Elizabeth Cheney, Deferment Baby
How Dick Cheney dodged the Vietnam draft.
"[T]he Senator from Massachusetts has given us ample doubts about his judgment and the attitude he brings to bear on vital issues of national security," Vice President Dick Cheney said during a March 17 visit to the Ronald Reagan Presidential Library and Museum. He was talking, of course, about John Kerry, the putative Democratic presidential nominee. During the past three years, we've all become better acquainted with Vice President Cheney's judgment and attitude toward national security, which are a good deal more hawkish than Kerry's. A widely observed irony is that the dovish Kerry saw combat in Vietnam while the hawkish Cheney accepted a series of student and family-related draft deferments. Cheney's unself-consciousness about this is (or at least was) so pronounced that in 1989 he told George C. Wilson of the Washington Post, "I had other priorities in the '60s than military service."
What Chatterbox never realized until recently, however, is that Cheney's eldest daughter, Elizabeth Cheney, likely owes her very existence to her father's avoidance of the Vietnam draft.
The Washington Post's Phil McCombs made the intimate calculations in a profile published in April 1991, when Cheney was defense secretary. The timeline:
Aug. 29, 1964: Dick and Lynne Cheney marry.
May 19, 1965: The Selective Service classifies Dick Cheney 1-A, "available immediately for military service."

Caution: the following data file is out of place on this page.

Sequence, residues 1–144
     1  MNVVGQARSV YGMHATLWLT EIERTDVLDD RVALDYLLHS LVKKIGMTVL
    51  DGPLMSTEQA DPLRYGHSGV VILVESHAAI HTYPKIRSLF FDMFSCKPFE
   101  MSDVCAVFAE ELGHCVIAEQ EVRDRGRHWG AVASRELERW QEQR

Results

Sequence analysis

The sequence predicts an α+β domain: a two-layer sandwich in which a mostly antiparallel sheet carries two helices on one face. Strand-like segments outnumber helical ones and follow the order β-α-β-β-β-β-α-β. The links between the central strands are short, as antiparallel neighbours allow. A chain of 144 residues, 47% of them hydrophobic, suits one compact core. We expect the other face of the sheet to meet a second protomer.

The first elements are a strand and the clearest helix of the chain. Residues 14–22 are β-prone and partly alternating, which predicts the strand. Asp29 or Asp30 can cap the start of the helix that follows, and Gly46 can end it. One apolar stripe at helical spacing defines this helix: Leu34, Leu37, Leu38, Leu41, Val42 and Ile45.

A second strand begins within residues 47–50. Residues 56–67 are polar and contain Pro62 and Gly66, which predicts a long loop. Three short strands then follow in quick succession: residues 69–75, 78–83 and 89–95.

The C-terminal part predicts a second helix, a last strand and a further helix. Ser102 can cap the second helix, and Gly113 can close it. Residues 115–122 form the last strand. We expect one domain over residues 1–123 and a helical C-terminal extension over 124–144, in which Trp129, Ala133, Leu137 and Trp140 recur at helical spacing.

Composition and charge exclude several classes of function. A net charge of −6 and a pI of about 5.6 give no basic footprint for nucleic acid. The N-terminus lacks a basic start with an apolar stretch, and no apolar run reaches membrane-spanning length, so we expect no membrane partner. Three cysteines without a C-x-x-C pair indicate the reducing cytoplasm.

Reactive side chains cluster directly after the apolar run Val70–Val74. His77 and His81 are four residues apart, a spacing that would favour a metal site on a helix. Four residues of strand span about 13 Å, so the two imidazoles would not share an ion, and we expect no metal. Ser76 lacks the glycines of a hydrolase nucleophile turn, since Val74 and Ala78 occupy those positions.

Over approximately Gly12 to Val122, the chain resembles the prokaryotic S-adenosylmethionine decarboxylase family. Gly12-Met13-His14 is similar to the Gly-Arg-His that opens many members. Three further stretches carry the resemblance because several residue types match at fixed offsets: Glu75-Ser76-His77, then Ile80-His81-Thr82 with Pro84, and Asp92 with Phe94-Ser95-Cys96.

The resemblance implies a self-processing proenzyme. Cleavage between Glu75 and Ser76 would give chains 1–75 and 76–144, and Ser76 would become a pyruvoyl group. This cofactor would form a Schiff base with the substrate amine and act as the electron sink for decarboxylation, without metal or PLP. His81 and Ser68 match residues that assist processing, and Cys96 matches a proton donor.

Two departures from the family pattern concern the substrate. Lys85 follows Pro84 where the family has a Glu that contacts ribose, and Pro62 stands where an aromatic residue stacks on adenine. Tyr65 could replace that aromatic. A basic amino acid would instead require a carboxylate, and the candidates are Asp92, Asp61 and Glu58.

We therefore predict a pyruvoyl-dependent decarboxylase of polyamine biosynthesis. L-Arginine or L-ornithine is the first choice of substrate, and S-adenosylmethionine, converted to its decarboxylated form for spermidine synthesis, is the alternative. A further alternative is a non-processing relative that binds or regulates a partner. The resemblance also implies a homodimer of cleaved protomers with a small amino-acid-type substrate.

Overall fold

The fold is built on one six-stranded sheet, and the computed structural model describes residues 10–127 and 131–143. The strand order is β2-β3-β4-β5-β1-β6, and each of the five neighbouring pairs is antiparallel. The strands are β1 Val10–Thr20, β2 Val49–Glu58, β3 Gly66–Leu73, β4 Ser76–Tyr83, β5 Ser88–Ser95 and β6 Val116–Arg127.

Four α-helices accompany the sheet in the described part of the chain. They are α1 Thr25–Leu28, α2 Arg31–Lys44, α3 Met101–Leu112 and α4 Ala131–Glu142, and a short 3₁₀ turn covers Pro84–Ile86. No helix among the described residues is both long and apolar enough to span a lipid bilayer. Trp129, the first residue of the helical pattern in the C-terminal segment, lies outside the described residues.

July 28, 1965: President Lyndon Johnson says draft calls will be doubled.
Oct. 26, 1965: The Selective Service declares that married men without children, who were previously exempted from the draft, will now be called up. Married men with children remain exempt.
Jan. 19, 1966: The Selective Service reclassifies Dick Cheney 3-A, "deferred from military service because service would cause hardship upon his family," because his wife is pregnant with their first child.
July 28, 1966: Elizabeth Cheney is born.
Jan. 30, 1967: Dick Cheney turns 26 and therefore becomes ineligible for the draft.
Dedicated students of obstetrics will observe that Elizabeth Cheney's birth date falls precisely nine months and two days after the Selective Service publicly revoked its policy of not drafting childless husbands. This would seem to indicate that the Cheneys, though doubtless planning to have children sometime, were seized with an untamable passion the moment Dick Cheney became vulnerable to the Vietnam draft. And acted on it. Carpe diem!
Who says government policy can't affect human behavior?
Timothy Noah is a former Slate staffer. His book about income inequality is The Great Divergence.